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In 1517, King Manuel I of Portugal handed Lopo Homem a charter entitling him the privilege of certifying and amending all compass needles in vessels. This charter was revalidated in 1524 by King John III of Portugal. Anytime another person performed these tasks, they should have paid to the cartographer twenty cruzados. Two years later Lopo Homem participated in the making of the atlas known as "Lopo Homem-Reineis Atlas" or "Miller Atlas" with cartographer Pedro Reinel and his son, Jorge Reinel. They were considered the best cartographers of their time, with Emperor Charles V wanting them to work for him.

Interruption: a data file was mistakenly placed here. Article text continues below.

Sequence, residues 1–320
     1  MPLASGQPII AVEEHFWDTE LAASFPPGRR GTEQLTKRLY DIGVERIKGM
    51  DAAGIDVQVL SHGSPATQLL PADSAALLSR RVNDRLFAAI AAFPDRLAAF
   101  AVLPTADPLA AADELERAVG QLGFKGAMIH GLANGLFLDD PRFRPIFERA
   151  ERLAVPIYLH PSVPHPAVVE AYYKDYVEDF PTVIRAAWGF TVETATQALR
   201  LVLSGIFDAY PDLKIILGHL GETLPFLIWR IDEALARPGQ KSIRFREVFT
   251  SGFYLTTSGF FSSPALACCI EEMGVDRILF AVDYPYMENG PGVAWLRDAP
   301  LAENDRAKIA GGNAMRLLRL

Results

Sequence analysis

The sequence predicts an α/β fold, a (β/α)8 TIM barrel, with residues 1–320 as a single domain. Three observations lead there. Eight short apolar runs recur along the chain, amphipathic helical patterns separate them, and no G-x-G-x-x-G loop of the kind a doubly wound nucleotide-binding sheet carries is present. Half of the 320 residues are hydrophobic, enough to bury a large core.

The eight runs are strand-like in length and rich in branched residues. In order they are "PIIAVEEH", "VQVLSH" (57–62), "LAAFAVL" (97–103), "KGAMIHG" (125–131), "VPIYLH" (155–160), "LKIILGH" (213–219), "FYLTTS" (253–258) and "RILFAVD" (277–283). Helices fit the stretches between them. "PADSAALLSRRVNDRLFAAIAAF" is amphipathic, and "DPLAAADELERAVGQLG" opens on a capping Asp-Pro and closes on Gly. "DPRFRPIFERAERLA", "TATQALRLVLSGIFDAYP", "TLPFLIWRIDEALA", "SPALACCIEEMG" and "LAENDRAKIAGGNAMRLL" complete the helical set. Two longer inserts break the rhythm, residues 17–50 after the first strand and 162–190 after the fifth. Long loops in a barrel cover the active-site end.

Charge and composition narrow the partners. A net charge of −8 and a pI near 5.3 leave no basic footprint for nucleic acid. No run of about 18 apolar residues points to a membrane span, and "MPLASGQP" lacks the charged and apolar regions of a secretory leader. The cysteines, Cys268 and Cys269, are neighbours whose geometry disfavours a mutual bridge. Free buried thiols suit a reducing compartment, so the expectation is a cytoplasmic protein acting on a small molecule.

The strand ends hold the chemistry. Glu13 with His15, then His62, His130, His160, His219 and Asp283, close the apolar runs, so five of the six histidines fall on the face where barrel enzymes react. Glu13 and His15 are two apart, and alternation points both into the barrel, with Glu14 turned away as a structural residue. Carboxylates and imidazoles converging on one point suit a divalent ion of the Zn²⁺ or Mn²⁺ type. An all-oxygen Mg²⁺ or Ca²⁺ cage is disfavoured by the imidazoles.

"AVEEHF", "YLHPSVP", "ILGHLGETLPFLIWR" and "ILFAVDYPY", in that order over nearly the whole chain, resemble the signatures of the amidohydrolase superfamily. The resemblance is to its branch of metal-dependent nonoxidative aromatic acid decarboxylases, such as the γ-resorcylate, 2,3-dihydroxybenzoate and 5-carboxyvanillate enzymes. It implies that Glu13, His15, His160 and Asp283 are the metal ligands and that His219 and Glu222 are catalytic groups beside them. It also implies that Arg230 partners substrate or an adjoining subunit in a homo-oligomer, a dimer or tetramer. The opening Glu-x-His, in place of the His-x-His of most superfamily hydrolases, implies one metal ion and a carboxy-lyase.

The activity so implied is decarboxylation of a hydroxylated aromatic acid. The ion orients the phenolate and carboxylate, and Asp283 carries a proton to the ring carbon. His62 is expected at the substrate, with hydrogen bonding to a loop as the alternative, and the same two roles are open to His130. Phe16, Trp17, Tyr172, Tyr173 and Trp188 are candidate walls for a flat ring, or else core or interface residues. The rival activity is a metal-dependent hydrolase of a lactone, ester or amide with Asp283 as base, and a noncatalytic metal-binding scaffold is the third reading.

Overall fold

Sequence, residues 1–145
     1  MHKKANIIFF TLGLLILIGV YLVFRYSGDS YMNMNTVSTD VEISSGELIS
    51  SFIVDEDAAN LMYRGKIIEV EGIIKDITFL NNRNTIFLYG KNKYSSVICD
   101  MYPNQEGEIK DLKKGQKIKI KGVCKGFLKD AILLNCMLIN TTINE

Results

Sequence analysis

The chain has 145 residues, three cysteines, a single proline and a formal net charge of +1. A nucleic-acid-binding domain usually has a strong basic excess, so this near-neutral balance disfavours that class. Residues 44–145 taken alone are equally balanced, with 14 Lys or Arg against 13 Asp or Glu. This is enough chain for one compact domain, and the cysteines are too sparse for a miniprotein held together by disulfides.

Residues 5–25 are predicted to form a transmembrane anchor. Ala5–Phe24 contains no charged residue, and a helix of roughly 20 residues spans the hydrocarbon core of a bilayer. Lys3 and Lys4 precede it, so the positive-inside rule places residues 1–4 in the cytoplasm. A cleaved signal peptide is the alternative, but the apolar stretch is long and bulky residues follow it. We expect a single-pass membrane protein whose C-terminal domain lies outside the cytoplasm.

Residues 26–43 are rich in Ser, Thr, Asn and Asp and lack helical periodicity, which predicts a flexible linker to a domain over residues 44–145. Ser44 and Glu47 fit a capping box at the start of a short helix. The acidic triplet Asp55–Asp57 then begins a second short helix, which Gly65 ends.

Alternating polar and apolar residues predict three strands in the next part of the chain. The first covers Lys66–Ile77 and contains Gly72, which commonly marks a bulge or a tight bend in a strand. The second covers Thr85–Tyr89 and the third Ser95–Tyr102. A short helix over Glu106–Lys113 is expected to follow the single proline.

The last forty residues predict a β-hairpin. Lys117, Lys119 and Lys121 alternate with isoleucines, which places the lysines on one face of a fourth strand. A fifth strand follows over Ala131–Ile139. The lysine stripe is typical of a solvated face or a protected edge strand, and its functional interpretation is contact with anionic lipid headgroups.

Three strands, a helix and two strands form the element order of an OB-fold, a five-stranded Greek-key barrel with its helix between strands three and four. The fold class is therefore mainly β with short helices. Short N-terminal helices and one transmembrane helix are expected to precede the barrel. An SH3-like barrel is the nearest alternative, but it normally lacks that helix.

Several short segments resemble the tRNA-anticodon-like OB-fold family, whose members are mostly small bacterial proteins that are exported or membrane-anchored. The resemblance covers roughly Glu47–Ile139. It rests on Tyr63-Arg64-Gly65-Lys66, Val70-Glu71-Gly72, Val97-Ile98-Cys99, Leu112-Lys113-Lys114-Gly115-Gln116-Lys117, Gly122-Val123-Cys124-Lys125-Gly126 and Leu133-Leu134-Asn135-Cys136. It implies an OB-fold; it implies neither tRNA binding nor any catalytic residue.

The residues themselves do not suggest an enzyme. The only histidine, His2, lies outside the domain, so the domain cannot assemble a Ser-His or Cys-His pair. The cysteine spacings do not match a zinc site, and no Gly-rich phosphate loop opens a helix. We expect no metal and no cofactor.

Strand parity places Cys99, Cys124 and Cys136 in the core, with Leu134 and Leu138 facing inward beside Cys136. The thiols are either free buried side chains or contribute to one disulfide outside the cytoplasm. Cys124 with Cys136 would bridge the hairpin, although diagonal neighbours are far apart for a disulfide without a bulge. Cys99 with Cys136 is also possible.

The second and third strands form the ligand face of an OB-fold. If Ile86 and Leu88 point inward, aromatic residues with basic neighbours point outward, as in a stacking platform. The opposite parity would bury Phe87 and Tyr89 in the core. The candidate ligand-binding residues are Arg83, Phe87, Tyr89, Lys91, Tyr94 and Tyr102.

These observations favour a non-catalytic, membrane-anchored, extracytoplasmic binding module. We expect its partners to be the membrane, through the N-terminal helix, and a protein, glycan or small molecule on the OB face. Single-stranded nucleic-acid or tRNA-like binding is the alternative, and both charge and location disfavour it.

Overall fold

In 1524, he participated on the Portuguese side in the Conferences of Badajoz-Elvas, established by the Crowns of Portugal and Spain following the so-called "Moluccas issue". A letter written by Lopo Homem alluding to the board quarrels over the claims of the two kings on exploration rights remains in Torre do Tombo. In 1531, Lopo Homem was awarded a pension of 20,000 reais for life, increased to 5,000 in 1532. He was the father of Diogo Homem, also a cartographer.
His earliest known work is a world map, discovered in London in 1930. In Florence there is another world map dated 1554, and Lisbon's National Library has also a navigation chart (which before 1910 was in the Palácio das Necessidades, having belonged to Charles I of Portugal). Scholar Armando Cortesão's "Cartography and Portuguese cartographers in the fifteenth and sixteenth" includes an extensive section devoted to Lopo Homem.